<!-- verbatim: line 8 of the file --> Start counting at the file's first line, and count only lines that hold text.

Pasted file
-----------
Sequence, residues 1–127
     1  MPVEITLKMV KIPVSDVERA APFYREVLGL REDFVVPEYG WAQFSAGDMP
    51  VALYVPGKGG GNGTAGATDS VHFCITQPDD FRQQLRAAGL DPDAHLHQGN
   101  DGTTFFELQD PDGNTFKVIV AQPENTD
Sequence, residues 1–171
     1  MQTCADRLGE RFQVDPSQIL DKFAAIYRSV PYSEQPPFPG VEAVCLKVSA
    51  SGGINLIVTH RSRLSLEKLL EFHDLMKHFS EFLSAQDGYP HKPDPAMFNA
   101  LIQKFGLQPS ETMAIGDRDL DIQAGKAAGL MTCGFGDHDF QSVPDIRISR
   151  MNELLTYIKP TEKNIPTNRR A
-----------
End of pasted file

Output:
   101  LIQKFGLQPS ETMAIGDRDL DIQAGKAAGL MTCGFGDHDF QSVPDIRISR